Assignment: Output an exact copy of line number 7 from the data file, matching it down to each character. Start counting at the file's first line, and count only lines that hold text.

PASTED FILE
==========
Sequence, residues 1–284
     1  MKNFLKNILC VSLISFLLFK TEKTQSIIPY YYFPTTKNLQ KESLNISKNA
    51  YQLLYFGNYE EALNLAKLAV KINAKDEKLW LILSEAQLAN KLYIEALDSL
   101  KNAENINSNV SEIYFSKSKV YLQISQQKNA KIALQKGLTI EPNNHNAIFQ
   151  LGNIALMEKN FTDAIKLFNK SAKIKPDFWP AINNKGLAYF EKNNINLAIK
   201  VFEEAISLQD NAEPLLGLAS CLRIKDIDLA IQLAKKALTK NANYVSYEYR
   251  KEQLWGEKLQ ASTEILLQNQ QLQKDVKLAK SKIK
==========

   251  KEQLWGEKLQ ASTEILLQNQ QLQKDVKLAK SKIK